Thank you for your time.

    ecrowley
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    06 Mar 2014 11:43 AM
    J. Ridge Hicks
    The Law Office of J. Ridge Hicks, PLC
    3635 E. Inverness Ave., Suite 103
    Mesa, AZ 85206
    480-659-2198 phone
    480-626-6839 fax
    email: ridge@mesaaccidentlaw.com
    Bar#: 017272

    Dear Justices:

    I write in support of R-13-0044 proposing changes to Rule 67(d) and (f). I represent personal injury plaintiffs in my practice. I agree with earlier comments about the unfairness of applying a requirement to plaintiffs and not to defendants and in placing a burden only on non-property owners (primarily lower-income folks). I also recognize the judicial inefficiency of the rule in its current form.

    Opponents to R-13-0044 must believe there is something fair in placing this financial burden only on plaintiffs, since they are the ones causing the defendants to incur the costs. This begs the question, though. Is it really the plaintiff causing the defendant to incur costs? Is it not probable in many cases that the defendant (often a large corporate defendant) is causing the plaintiff (usually an individual) to file suit by taking an extreme position before suit? In my 17 years of practice this has been the case in a large majority of suits that I have filed. Rule 67(d) ignores the reality that it takes two (or more) to tango. For every plaintiff filing a suit, there is a defendant who refuses to meet the plaintiff's demand.

    Who is right? Every case is different, but a vast majority of plaintiffs have at least some colorable claim, and those who do not are subject to dismissal or summary judgment. The only time a cost bond would be paid out to a defendant would be if they prevail on all claims. The current Rule 67(d) makes no provision for weighing the merits of the claims before requiring the cost bond, since this would be totally impractical. Yet that would be the only way it could be fairly applied. In stead it just places all of the burden on one side - but always the same side and only when that side has no property.

    If a rule cannot be implemented in any way so as to make it fair, efficient and practical, it is better to eliminate the rule (or the offending portion) than to keep a version that is both highly unfair and highly inefficient.

    /s/ J. Ridge Hicks
    Dclausen
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    06 Mar 2014 12:51 PM
    Darren M. Clausen, Esq.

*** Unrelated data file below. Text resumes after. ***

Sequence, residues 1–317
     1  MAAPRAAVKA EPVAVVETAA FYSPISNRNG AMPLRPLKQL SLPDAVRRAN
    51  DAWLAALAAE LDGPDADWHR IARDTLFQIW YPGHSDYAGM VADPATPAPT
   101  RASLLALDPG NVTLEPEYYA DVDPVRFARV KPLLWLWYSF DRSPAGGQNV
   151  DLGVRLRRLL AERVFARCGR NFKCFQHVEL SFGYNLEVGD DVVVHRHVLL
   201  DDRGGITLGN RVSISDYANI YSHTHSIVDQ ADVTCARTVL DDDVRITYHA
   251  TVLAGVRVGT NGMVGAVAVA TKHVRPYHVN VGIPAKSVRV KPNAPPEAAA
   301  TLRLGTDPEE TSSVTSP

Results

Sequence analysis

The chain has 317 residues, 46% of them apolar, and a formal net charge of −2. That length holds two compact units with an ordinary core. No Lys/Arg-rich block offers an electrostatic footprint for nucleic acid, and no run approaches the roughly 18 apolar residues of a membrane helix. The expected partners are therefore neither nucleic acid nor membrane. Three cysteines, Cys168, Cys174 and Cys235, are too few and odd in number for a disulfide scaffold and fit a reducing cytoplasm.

Clausen & Moore Law Firm
    4578 E. Fort Lowell Drive
    Tucson, AZ 85712
    (520) 327-7113
    (520) 327-3414
    dclausen@clausenandmoorelaw.com
    Arizona State Bar No.: 019427

    See attached correspondence.
    Attachments
    ericpost
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    06 Mar 2014 01:19 PM
    Eric Post
    3256 East Speedway Boulevard
    Tucson, AZ 85716
    520-207-9601 (ofc)
    520-207-8244 (FAX)
    eric@ericpostlaw.com
    Bar No. 020267

    Arizona has always taken pride in opening access to its courts to all, regardless of whether they can afford and attorney or not. Many pro per claimants and defendants appear in this Great State with the limited financial hardships that are common. When a person is injured, they have medical bills, lost wages, unable to work, expenses to hire others to help. Many don't own property and if they do, they are upside down on the mortgage.

    Requiring a cost bond is just beyond the capability of many people. It is like poker, if you have a losing hand (which often is the case when an insurance carrier is defending a claim), then one way to "win" is to raise the stakes so high that others fold.

    I join the attorneys above. Justice cannot be solely for the wealthy.
    bmsquire
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    06 Mar 2014 01:37 PM
    Bruce M. Squire (SBN 006978)
    Bruce Squire Law LLC
    4500 S. Lakeshore Dr., Suite 345
    Tempe, AZ 85282
    P: 480-247-3890
    F: 888-412-6896
    bruce@brucesquirelaw.com

    I am offering my support for the proposed changes to Rules 67(d) and (f), Rules of Civil Procedure, submitted by the Arizona Association for Justice and I am writing in support of Petition R-13-0044.

    Many others have already commented about the one-sided and discriminatory nature of the current rule. I concur with those comments. I’d like to offer my experience of the practical impact of Rule 67 (d) and (e). For most of my 32 years as a practicing lawyer in Arizona I have represented individuals who could not afford to pay a retainer or an hourly fee to hire a lawyer. The reality is that many middle class individuals cannot afford to pay attorney’s fees and costs necessary to have their civil disputes resolved in the courts. The vast majority of my clients have hired me on a contingent-fee basis. Most of my clients were harmed by careless, and sometimes criminal, acts of others. When faced with a defense motion to post a cost bond, clients feel like they are a victim again. When asked if we can require the defense to also post a cost bond, the answer of course is ‘No’. The timing of such motions sometimes appears to be nothing more than an attempt to delay the ultimate resolution of the case and require the plaintiff to jump through another procedural hoop. I can’t think of a single case in 32 years where my client actually had to post a cost bond in response to a defense motion under Rule 67(d). Plaintiffs typically either have some property within the state or are able to prove their inability to post a bond. The proposed rule change will not result in an increase in frivolous lawsuits by impecunious plaintiffs. Existing rules and statutes already effectively deal with that issue.